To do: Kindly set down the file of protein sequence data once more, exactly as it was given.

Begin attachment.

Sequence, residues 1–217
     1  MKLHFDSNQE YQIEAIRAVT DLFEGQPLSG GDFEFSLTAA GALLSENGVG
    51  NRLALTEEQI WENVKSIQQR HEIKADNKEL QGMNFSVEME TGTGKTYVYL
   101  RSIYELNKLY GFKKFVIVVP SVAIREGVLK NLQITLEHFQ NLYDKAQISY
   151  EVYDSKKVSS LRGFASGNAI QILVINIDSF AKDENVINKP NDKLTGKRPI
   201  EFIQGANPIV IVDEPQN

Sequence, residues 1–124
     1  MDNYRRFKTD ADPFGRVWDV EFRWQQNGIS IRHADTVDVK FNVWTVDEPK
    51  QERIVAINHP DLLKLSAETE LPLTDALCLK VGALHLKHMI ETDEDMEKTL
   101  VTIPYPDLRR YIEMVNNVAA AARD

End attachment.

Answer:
Sequence, residues 1–217
     1  MKLHFDSNQE YQIEAIRAVT DLFEGQPLSG GDFEFSLTAA GALLSENGVG
    51  NRLALTEEQI WENVKSIQQR HEIKADNKEL QGMNFSVEME TGTGKTYVYL
   101  RSIYELNKLY GFKKFVIVVP SVAIREGVLK NLQITLEHFQ NLYDKAQISY
   151  EVYDSKKVSS LRGFASGNAI QILVINIDSF AKDENVINKP NDKLTGKRPI
   201  EFIQGANPIV IVDEPQN

Sequence, residues 1–124
     1  MDNYRRFKTD ADPFGRVWDV EFRWQQNGIS IRHADTVDVK FNVWTVDEPK
    51  QERIVAINHP DLLKLSAETE LPLTDALCLK VGALHLKHMI ETDEDMEKTL
   101  VTIPYPDLRR YIEMVNNVAA AARD